It also seems as though there is way more a commitment to animal rights and environmentalism in Europe than in the US. It was nice to see so many people from many different underground music genres connected to and passionate about these causes. Small pockets of that exist in the US but it seemed more prevalent in Europe.

Please share with us a great memory from a great place with great food and people!

This is easy as Wake of Humanity is very food motivated. The first meal we had in Prague was at Loving Hut and it was amazing. Shortly after arriving, us and Safe and Sound hit that place up and we were excited to find that they had a buffet. I had been texting with Claudio of Sendero and we were trying to meet up for the first time. It turns out they were already at Loving Hut, sitting around the corner so we joined them. Like 15-20 of us all in there eating amazing vegan food. That was a great memory and then to see Kurt from Catalyst Records made those Life. Loving Hut. Regret. shirts was amazing. I can’t remember if he was there or not for that first meal but I have no regrets. There were also multiple meals at Fluff that were unforgettable. Sitting on the grass with old friends and new, eating the days special and just sharing an amazing time. Those were really special meals even if some of them were just quick encounters.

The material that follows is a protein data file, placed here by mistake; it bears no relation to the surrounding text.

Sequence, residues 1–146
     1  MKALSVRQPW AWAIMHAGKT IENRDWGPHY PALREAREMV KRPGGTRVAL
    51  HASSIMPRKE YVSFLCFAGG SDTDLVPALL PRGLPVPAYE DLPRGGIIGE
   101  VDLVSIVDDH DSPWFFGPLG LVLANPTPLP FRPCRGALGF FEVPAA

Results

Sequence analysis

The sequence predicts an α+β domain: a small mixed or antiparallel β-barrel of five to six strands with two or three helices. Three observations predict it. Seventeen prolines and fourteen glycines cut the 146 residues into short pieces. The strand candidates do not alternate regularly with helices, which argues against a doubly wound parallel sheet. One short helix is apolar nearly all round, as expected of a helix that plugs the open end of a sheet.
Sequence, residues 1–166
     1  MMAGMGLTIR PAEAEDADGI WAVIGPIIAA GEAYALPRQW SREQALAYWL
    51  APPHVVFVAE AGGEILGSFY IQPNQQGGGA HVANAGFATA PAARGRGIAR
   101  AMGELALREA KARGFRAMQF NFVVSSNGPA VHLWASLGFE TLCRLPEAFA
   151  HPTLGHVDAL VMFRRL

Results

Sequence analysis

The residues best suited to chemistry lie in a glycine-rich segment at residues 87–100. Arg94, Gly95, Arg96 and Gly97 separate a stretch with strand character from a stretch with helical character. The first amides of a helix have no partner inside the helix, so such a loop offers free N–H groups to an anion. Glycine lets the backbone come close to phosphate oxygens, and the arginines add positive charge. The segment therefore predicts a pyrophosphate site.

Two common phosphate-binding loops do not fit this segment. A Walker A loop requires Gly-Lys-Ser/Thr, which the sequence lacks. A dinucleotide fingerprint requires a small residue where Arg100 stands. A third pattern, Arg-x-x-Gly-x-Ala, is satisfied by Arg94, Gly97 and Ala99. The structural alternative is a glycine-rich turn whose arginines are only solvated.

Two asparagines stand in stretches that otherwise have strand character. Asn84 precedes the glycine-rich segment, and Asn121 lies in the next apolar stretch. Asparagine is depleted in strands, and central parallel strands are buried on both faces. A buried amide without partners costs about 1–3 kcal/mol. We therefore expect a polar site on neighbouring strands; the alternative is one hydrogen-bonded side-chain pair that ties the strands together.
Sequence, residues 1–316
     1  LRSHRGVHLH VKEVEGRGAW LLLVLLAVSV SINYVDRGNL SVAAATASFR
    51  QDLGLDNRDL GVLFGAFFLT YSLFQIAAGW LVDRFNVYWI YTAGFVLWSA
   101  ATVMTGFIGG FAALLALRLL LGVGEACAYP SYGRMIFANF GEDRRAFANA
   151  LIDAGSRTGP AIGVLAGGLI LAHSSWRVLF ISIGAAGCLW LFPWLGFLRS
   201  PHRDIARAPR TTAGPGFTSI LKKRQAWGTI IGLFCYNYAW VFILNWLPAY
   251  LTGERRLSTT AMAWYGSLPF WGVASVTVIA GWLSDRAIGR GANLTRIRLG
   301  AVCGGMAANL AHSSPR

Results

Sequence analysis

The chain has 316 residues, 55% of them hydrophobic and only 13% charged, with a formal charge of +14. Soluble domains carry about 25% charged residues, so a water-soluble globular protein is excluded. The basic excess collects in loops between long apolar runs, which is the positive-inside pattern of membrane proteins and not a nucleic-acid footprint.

Which music was spinning in the van while touring?

The new Lana del Rey. Like, almost exclusively. Each and every one of us downloaded it the day it came out. I’m a big fan of not listening to hardcore while on tour. I listened to a lot of other stuff like Drab Majesty, Sisters of Mercy, Lorde, Julien Baker, Nothing, AFI, The Cure, Alkaline Trio, Samiam, a ton of Jawbreaker (favorite band), and I rocked the new Gatecreeper a lot. So, I guess not just Lana exclusively. Jeremy listened to Damnation a.d. and Integrity 2000 a lot. Max listened to the Chris Colohan discography most likely and Mike really got into that new Lana. We talked about that record every day. It was different than most tours. We all listened to stuff individually on earphones and only rocked the stereo a little.    

Which bands on tour made a huge impact on you when you saw them live (maybe even for the first time – from the Americas and Europe)?

Woodwork was absolutely incredible. I love their most recent record and to play with them two times was great. I loved the pre-fluff show with them because it was in a more intimate environment and they were so powerful. I love everything they are about.

Probably the most powerful impact was made by Modern Love, for several reasons. First, their drummer Even and I had followed each other on social media for some time but had never met in real life. Shortly before we left for Europe I realized he played in Modern Love and this was exciting to me. It was great meeting him and seeing Modern Love play twice. Their show at Fluff Fest was amazing. I really admire the passion and love that Erik their sing brings to the stage. Some of the stuff he was saying about community and punk in general really gave me the chills. His emotion was amazing and I really liked what they were doing musically as well.